When taste, smell got lost

| June 15, 2016
gerald deas

Dr. Gerald Deas

By Gerald W. Deas, M.D.

Mrs. S., was a 79-year-old mother of four children, 20 grandchildren and seven great grandchildren. She had just returned to her home, after a two-week hospital stay due to congestive heart failure. I was called there by her family due to a great weight loss and an overall poor nutritional state.

The patient had lost a considerable amount of weight prior to and during hospitalization. Upon questioning her, she related that she was unable to taste or smell her food. She had voiced this concern even during her hospitalization, although no one had paid her any attention.

The loss of taste and smell can be attributed to many neurological and physiological conditions, however, a very common cause of this annoying symptom is due to a deficiency of zinc. Although zinc is required in trace amounts, it is essential for life and the normal functioning of the body. It is used in the production of sex and growth hormones and is needed to activate multiple chemical reactions throughout the body.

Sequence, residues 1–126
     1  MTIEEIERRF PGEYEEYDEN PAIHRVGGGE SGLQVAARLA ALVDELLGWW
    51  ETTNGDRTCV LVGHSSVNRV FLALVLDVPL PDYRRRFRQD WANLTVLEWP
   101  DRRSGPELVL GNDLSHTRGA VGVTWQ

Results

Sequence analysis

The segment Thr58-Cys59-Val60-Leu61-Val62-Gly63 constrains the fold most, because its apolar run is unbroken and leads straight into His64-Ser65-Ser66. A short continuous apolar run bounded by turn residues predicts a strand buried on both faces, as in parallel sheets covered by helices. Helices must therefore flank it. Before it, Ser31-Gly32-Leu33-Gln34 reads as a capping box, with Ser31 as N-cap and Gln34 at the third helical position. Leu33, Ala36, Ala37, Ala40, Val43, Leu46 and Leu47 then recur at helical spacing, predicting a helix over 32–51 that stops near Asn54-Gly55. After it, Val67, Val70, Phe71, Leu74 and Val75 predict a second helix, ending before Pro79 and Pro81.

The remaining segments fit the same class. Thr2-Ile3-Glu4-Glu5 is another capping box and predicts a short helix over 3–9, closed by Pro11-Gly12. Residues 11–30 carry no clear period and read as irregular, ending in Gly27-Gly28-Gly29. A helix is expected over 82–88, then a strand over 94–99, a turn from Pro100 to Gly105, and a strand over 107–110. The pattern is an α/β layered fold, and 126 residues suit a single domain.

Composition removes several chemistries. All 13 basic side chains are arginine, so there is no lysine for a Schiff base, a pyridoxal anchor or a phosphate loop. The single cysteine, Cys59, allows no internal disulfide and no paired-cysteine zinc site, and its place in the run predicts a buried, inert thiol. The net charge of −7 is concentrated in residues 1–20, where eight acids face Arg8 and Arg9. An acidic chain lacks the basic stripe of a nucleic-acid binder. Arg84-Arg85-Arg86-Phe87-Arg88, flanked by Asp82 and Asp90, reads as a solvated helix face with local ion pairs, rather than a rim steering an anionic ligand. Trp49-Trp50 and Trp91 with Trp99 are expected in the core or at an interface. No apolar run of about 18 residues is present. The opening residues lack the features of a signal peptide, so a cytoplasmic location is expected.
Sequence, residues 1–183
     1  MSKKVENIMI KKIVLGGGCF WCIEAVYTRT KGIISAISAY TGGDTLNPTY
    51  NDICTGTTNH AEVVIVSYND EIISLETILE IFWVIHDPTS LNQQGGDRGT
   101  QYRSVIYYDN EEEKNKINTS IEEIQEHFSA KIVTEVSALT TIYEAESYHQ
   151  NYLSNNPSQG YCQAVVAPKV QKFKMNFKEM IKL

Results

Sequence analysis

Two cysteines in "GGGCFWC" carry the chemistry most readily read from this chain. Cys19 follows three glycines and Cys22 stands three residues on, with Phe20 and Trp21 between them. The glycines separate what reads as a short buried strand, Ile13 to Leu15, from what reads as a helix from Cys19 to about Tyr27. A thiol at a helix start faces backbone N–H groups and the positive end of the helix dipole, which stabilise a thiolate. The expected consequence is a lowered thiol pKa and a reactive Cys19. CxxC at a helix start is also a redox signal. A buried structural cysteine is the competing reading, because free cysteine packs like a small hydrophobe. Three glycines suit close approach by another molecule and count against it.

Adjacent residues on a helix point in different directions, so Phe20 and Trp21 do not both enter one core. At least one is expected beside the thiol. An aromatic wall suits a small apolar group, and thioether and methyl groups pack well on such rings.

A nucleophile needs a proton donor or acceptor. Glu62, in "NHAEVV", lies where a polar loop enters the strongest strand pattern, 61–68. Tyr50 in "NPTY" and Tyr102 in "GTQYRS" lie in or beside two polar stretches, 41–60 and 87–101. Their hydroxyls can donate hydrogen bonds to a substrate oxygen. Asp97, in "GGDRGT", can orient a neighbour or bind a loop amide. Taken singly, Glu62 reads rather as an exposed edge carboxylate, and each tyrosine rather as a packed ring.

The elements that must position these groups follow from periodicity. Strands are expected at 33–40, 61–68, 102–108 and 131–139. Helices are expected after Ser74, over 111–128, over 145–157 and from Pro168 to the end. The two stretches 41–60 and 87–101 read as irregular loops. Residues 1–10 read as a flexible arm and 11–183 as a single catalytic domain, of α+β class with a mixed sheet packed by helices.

Zinc has been shown to keep the oxygen-carrying red blood cells healthy, as well as the ability to stimulate the production of white blood cells which protect the body from invading germs.

Preventing osteoporosis (demineralization of bones), is dependent not only on a sufficient amount of calcium and vitamin D, but also on an adequate supply of zinc. Zinc enhances the absorption of calcium from the intestines. During pregnancy, this precious trace element is necessary to ensure strong bones and normal growth of the fetus.

Since the drinking of alcohol causes a zinc deficiency, women during pregnancy should be warned regarding the use of alcohol. Just remember, one can of beer is equal to one shot of booze. Even post partum blues have been associated with zinc deficiency. Severe menstrual cramps are often alleviated with the combination of zinc and vitamin B6.

The average adult needs approximately 25 mgs of zinc daily, however since only one-third is absorbed, a person may have to take three times this amount. Excellent sources of this mineral are found in pumpkin seeds, organ meats, eggs, seafood, mushrooms, soy beans and nuts.

After a complete nutritional history was taken, I placed the patient on zinc, multiple vitamins along with vitamin B6. Within four weeks, she could smell, taste and do the electric slide at her birthday party!

 

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Category: Health

About the Author ()

Gerald W. Deas, MD, MPH, MA is a physician, poet, patient advocate, playwright, media personality, political activist and public health crusader. Read his full bio at http://www.downstate.edu/giving/funds/deas.html/.

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